The Healthy Executive

Ketogenic Diet Rationale And Preparation

Ketogenic endocrine process

A ketogenic diet is a short-term power diet (4-6 weeks) to burn bodyfat while preserving lean muscle. In this post I go over the science of ketogenesis, the necessary preparation, and the weekly nutrition cycle.

Ketogenic Nutrition Rationale

  • Principal Idea: Switch energy source from burning glucose (sugar from carbs) to burning ketones (fat).
  • Practical Implementation : Modify diet to switch caloric energy from carbohydrates foods to fats. In effect this is an ultra-low carb high-fat diet.
  • Expected Outcome: Reduce bodyfat by 4–8 lbs or 1–3% while preserving lean muscle mass and strength.
  • Heads Up: Many people hear the word “ketogenic” and mistakenly confuse it with diabetic keto-acidosis (DKA). They are completely different things, other than sharing a root Latin word.

I’m trying to cover just the Keto essentials here and not re-invent any wheels. As a result, I will point to useful reference information instead of just re-summarizing. If something is missing or doesn’t make sense, please let me know at jeff@thehealthyexec.com.

My Ketogenic Science Sources

On daily basis, I read relevant scientific research and published studies, and work to understand study limitations and biases. From this process I determine authoritative sources in a specific field aka “totems”. I define a totem as “the highest current performance level in an field, used as a standard or benchmark to be equaled or exceeded”.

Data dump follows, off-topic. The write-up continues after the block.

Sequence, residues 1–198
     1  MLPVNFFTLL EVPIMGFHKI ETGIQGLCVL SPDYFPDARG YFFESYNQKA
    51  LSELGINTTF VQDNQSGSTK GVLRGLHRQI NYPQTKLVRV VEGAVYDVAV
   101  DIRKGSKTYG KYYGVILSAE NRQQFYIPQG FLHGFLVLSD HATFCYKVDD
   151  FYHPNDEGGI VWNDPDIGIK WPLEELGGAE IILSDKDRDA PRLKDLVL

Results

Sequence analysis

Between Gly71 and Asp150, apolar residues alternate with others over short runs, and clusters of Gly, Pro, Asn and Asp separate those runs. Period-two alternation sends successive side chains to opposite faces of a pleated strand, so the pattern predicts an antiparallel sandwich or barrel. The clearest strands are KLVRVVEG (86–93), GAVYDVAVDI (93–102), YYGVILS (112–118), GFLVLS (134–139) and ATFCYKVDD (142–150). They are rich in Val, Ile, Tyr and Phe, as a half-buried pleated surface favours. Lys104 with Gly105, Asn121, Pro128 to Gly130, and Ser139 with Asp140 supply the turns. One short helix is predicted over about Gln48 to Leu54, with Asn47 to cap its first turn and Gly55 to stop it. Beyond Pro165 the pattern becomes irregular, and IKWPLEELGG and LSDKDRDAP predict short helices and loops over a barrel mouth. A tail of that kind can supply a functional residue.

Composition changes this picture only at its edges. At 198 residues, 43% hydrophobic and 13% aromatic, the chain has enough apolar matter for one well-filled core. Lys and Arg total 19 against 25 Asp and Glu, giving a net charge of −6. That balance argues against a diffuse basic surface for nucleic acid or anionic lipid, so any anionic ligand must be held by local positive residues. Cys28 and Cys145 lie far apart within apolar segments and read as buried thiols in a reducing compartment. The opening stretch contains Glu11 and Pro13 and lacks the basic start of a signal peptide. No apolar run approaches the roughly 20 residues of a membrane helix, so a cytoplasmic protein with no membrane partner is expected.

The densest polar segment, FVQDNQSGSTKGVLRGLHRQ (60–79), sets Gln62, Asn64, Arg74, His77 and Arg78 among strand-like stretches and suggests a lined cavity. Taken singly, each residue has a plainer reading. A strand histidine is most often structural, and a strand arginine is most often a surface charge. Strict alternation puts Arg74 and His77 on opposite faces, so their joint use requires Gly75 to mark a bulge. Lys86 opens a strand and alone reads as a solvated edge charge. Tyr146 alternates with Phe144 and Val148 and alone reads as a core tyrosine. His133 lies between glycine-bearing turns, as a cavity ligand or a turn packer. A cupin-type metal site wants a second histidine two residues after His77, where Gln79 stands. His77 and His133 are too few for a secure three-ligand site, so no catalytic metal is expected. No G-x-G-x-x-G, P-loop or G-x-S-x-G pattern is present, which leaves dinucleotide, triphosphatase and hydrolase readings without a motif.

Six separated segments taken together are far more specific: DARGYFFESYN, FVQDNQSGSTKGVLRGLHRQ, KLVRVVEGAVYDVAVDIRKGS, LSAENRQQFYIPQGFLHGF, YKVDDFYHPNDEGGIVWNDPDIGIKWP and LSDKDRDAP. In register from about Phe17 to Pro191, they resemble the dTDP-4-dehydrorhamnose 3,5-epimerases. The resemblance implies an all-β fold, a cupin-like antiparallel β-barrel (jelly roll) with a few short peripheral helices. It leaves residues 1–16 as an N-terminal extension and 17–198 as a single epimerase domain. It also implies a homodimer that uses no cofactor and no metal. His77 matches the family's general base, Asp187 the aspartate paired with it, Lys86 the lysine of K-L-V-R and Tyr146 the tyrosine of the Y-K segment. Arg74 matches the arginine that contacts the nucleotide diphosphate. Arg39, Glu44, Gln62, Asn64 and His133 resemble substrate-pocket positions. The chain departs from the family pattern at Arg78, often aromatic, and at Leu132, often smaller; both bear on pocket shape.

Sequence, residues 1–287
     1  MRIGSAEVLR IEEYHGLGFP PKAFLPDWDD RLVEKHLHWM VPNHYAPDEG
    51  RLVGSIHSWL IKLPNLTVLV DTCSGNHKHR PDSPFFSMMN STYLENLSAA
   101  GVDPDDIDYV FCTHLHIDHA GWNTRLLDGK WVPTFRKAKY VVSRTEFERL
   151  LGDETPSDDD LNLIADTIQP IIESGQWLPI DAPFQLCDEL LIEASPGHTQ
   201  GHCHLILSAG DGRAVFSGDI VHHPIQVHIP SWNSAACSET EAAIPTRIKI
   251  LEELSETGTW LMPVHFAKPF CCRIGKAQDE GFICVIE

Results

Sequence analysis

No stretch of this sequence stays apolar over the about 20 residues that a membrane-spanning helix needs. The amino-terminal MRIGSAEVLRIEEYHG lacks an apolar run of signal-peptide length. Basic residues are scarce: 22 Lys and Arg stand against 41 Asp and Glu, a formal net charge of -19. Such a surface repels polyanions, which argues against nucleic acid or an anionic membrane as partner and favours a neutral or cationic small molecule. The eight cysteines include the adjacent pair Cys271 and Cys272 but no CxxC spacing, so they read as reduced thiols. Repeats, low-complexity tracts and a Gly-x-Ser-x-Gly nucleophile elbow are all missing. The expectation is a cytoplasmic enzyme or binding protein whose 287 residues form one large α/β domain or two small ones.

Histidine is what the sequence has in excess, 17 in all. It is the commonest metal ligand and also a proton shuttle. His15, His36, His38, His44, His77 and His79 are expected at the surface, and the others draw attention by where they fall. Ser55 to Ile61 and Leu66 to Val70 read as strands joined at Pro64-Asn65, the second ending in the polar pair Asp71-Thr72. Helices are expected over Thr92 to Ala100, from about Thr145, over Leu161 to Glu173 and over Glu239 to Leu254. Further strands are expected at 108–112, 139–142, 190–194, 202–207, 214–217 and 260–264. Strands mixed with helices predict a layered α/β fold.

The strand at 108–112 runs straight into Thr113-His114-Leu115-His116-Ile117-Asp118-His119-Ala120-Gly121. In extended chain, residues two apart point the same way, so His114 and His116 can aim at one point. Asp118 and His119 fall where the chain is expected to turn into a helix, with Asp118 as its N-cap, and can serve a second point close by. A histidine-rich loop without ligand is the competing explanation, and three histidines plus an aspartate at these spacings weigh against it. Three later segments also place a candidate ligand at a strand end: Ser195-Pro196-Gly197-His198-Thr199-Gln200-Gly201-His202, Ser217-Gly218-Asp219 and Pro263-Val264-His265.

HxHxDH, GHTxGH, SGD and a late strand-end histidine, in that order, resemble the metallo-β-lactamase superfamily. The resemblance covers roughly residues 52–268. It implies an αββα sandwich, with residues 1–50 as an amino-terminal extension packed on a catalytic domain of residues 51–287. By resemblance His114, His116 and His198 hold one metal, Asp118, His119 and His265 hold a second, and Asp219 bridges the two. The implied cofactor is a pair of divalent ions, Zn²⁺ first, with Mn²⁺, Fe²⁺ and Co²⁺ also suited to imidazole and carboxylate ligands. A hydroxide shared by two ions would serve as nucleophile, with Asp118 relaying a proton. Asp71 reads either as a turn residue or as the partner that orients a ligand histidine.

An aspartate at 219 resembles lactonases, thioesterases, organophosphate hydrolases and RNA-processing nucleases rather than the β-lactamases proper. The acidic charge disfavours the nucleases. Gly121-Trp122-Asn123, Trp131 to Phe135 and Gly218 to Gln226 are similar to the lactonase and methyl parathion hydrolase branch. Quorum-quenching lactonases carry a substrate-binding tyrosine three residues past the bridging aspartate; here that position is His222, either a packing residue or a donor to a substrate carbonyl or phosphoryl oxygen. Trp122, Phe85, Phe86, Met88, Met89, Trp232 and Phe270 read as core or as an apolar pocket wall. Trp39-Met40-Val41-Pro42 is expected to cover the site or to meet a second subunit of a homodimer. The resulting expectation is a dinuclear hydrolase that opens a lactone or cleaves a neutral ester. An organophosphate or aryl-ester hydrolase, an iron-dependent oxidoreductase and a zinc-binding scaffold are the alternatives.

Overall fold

I then typically read all the published works by a totem on their area of expertise. I absorbed information about the ketogenic diet, ketone supplementation (ketone esters, ketone salts, MCTs) and various topics related to nutrition, metabolic drugs, combination metabolic therapies, and strategies for performance enhancement and resilience.

For Keto, my science totems are:

  • Dr. Jeff S. Volek (Registered Dietitian) and Dr. Stephen D. Phinney (medical doctor).
    • These guys have performed many studies and have treated thousands of patients with a low-carb diet.
  • Dominic D’Agostino
    • His goal is to bring as much useful an free information as possible from his clinical research (and others). Emphasis on peer reviewed publications on ketones in journals like International Journal of Cancer, Science and Nature Medicine
  • The Ketogenic diet has also been extensively used for decades and has been well researched to successfully treat epilepsy in children.

My Ketogenic Community Sources

A respectable amount of personal health innovation is occurring in networked communities (crowd-sourcing) such as Reddit, Quantified Self, and Hyper Wellbeing.

In personal health community I find there are some folks who are very good at synthesizing (researching, applying, measuring, and explaining). For Keto, my go to sources are: